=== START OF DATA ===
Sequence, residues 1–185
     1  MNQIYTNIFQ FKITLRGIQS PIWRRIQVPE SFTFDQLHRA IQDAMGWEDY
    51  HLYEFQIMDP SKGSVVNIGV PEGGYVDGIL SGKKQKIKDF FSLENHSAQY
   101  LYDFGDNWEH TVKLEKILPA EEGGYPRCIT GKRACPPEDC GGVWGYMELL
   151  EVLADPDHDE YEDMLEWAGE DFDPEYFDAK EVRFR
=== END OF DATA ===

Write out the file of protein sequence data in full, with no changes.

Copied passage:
Sequence, residues 1–185
     1  MNQIYTNIFQ FKITLRGIQS PIWRRIQVPE SFTFDQLHRA IQDAMGWEDY
    51  HLYEFQIMDP SKGSVVNIGV PEGGYVDGIL SGKKQKIKDF FSLENHSAQY
   101  LYDFGDNWEH TVKLEKILPA EEGGYPRCIT GKRACPPEDC GGVWGYMELL
   151  EVLADPDHDE YEDMLEWAGE DFDPEYFDAK EVRFR